Chapter 3: The Galapagos Plume
The preceding section discussed an important aspect of physical oceanography called upwelling, and showed how upwelling can cause the formation of an area of high primary productivity called an upwelling zone. Now another image will be used to illustrate remarkable interactions between the physics, chemistry, and biology of the oceans.
October 31, 1983, CZCS image of the high productivity plume induced by the interaction of the South Equatorial Current with the Galapagos archipelago.
This image shows an area of high primary productivity extending to the west of the Galapagos Islands in the equatorial Pacific Ocean. The fact that the Galapagos Islands are located near the Equator is quite important, as there are several ocean currents that flow near the Equator that affect Galapagos waters. The surface current is called the South Equatorial Current (SEQ), and flows in a westward direction.
As the SEQ flows past the shallow volcanic platform of the Galapagos Islands, it induces upwelling due to Ekman flow, just as for the Benguela upwelling zone. The phytoplankton nourished by the upwelled nutrients are transported westward, forming a productive plume that extends hundreds of kilometers west of the Galapagos Islands.
One of the interesting aspects of oceanography along the Equator in the Pacific Ocean is the fact that upwelling occurs near the Equator (caused by the direction of the trade winds on either side of the Equator), yet the primary productivity is lower than would be expected based on the concentrations of nitrate and phosphate. The equatorial belt of productivity can be seen in CZCS global composite images or composite images of the Pacific Ocean.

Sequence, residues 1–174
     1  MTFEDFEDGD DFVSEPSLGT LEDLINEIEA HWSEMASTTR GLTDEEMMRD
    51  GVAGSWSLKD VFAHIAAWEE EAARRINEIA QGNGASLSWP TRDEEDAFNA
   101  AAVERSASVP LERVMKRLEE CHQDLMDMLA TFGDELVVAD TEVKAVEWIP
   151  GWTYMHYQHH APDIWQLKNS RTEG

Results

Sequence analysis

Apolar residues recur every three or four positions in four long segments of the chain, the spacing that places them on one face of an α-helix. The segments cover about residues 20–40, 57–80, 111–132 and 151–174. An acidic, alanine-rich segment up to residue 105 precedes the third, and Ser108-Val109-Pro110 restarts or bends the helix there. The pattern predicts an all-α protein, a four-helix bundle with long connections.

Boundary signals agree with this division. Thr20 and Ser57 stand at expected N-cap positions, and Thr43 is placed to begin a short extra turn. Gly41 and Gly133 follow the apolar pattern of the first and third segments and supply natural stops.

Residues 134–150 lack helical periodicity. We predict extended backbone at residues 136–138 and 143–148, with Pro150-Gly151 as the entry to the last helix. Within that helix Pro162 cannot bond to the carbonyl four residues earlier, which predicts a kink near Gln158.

An oceanographer named John Martin performed measurements of iron concentrations in the ocean, and determined that in areas where iron concentrations were particularly low, iron could be the nutrient that limited the rate of primary productivity in large regions of the ocean. In seawater, iron is chemically different from nitrate and phosphate, so upwelling doesn't provide iron. Dust from the continents is one of the main sources, so the greater the distance from the continent, less iron is available. Near the continents, iron is also available from the sediments in shallow waters near the coast.
Martin predicted, based on observations of the waters around the Galapagos, that if the ocean was fertilized with iron, an increase in primary productivity would result. Though he died before the experiment was conducted, it was performed successfully, providing the exact results Martin had predicted. Observations of ocean color, similar to those made by the CZCS from space, were performed from an airplane, and documented the growth of phytoplankton in the fertilized patch of the ocean (see References and related sites).
The remaining question concerned the role of iron in the Galapagos plume. It seemed clear that the same process of iron fertilization was occurring naturally here, so oceanographers surmised that iron was being supplied by the minerals found in the volcanic ash blowing off of the Galapagos Islands. It turned out that they were both right and wrong. They were right in that the volcanic minerals supplied the iron, but it was not the ash blown off the islands. The volcanic rocks beneath the surface, and the deposited iron in the sediments around the islands, appear to be the main source of the iron that nourishes the productivity in the Galapagos plume.
Chapter 4: Seasonal upwelling in the Arabian Sea
Chapter 2: The Benguela upwelling zone
Index: Classic CZCS scenes